The Perils of Pauline and Company

Everybody loves characters in a series — well, almost everybody. More often than not, the series characters in mysteries and other genre fiction follow this general pattern toward a boring end.

First book — sharp, original, quirky or otherwise eccentric characters clashing and uniting in compelling, and sometimes, realistic ways.

Second book — the relationship between the characters evolves. The eccentric/original aspects soften or become repetitive character tics.

Third book — an artificial crisis must be posed to reignite the passion or conflict between the principal characters.

Fourth book — soap opera time…

There are exceptions. Donna Leon manages to keep me going back to dine and solve crimes in Venice with Inspector Brunetti. I mentioned dining first because with this particular series of procedurals, the passage from one meal to the next is as critical as moving between suspects and witnesses. I wish I could down a prosecco with my lunch in the company of Guido Brunetti.

Because I don’t want to name names on my bookshelf, I’ll take my examples from TV where the same principle holds and the pace of character development is accelerated. The rough and incompatible edges of characters in BONES (loosely based on the Kathy Reichs’ books) and CASTLE are warn away until opposites attract, overcome conflicts and become committed couples — couples that require BIG external conflicts to keep the drama and the banter going.

Like many mystery readers, I’ve fallen “in love” with some serial characters and followed them in books for years — even as my devotion waned. That’s why a comment the British mystery writer Russell James made at a mystery conference I attended a while back stays with me. He said that the main character in each of his books was experiencing the biggest and most interesting event of their lives. After that book, they weren’t as interesting. So he’d take a minor character from one book and turn that person into the lead character in the next, crafting a story about that second character’s biggest and most compelling life event.

I thought it was a brilliant idea and it certainly helps authors avoid the Perils of Pauline!


(FYI… if you have yet to discover Russell James give ‘Painting in the Dark’ a try. It was the book that introduced me to this talented writer.)


  1. Agreed. It seems as time moves on the stakes get bigger and bigger. Doesn’t matter what medium you tell the story in.

    Might be why I don’t pay much attention to series work most of the time. Granted I do have a couple I am sticking with but for the most part, many of the far reaching stories and series I spend time with tell something new in a larger world.

    Case in point Terry Pratchett’s discworld series. The series is about the world and the characters in it and not so much about these same characters from book to book.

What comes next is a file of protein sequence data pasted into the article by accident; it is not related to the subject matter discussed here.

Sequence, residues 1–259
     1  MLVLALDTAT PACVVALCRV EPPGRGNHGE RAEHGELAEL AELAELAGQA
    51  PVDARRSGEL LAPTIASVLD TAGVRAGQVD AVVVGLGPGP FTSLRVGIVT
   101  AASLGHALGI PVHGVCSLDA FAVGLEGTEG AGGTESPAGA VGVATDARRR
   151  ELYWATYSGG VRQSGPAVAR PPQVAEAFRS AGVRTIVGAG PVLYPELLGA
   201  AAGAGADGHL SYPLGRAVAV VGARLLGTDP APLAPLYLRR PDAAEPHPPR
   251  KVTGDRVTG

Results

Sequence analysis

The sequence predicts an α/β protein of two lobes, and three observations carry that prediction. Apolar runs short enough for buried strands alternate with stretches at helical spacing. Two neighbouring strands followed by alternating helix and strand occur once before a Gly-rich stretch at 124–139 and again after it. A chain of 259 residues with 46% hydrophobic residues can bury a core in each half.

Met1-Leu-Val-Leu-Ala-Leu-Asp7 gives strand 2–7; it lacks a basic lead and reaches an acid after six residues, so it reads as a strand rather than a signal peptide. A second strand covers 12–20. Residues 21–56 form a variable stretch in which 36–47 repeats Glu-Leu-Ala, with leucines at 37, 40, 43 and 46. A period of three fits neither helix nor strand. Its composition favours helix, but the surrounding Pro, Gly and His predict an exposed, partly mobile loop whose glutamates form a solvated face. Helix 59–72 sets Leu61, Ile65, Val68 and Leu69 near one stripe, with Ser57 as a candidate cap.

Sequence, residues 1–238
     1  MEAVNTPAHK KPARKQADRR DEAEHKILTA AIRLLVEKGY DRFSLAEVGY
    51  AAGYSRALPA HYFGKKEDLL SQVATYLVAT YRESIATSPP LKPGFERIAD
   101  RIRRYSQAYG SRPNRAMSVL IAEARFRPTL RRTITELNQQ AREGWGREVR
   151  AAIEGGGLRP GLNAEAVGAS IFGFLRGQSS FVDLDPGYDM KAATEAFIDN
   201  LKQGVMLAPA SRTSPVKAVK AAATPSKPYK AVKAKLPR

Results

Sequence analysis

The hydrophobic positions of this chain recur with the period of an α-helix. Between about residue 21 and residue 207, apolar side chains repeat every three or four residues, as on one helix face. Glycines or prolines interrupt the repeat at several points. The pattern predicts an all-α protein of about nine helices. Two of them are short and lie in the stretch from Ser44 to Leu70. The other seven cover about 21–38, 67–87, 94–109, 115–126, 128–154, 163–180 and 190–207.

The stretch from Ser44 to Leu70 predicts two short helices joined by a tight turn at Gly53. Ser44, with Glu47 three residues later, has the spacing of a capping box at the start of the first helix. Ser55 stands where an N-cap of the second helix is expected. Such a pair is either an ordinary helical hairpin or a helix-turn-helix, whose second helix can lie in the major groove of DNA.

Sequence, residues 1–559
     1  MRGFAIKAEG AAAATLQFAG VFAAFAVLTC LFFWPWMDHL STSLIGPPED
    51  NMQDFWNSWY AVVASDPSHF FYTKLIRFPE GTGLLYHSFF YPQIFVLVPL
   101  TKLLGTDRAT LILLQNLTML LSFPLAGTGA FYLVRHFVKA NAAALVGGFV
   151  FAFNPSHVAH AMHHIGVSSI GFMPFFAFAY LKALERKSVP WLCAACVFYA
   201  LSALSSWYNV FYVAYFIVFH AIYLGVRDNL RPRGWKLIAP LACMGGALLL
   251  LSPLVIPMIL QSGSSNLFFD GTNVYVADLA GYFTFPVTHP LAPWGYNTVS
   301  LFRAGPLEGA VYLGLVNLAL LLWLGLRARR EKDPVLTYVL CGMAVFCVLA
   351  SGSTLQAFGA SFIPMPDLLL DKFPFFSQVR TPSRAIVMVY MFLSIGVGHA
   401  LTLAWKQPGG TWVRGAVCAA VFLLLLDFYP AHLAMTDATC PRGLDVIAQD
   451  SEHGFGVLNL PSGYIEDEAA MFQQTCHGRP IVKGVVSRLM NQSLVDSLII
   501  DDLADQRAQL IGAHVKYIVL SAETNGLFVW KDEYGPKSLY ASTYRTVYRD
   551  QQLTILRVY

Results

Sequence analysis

2. Robert Wilson’s Blindman of Seville is exactly like that! The first book is mind bogglingly good. Sadly the subsequent books following the main character don’t even come close. I still read them, but….

    Will give Russell James a try. 🙂

    • Candy Korman

      The character deterioration is sometimes very quick. I remember reading a brilliant mystery set in Umbria and being totally thrilled about another Italian detective series, but the second book was terrible. The edge was gone — from the character AND the writing!

  3. p.s. It seems he only publishes in amazon UK., and amazon UK will let me login but won’t let me buy. 🙁 I’ll try creating a brand new account there.

  4. For someone whose WIP contains elements of mystery, I need to read more mystery to get a better sense of what’s out there. I don’t think I’ll end up being a full-fledged mystery writer, but it still a good idea to read authors to see if that might where I might end up someday. Still feeling the territory out and such and have decided it’s better to do that so I can develop my writing chops 🙂

    • Candy Korman

      A wise adviser of mine draws a distinction between mysteries and mystery novels (or novels with a mystery element). My WIP is in the second category. Reading books that fall under these headings (or skirt both) is a great idea. Remember that in the mystery genre there are subsets: police proceedurals, who-dunnits, cozies, Noir, private detective Noir, and many more. I’ll read ’em all with pleasure if they are well written. Lots of drivel out there so be prepared to throw up your hands (and your Kindle) and move on to the next one on a regular basis.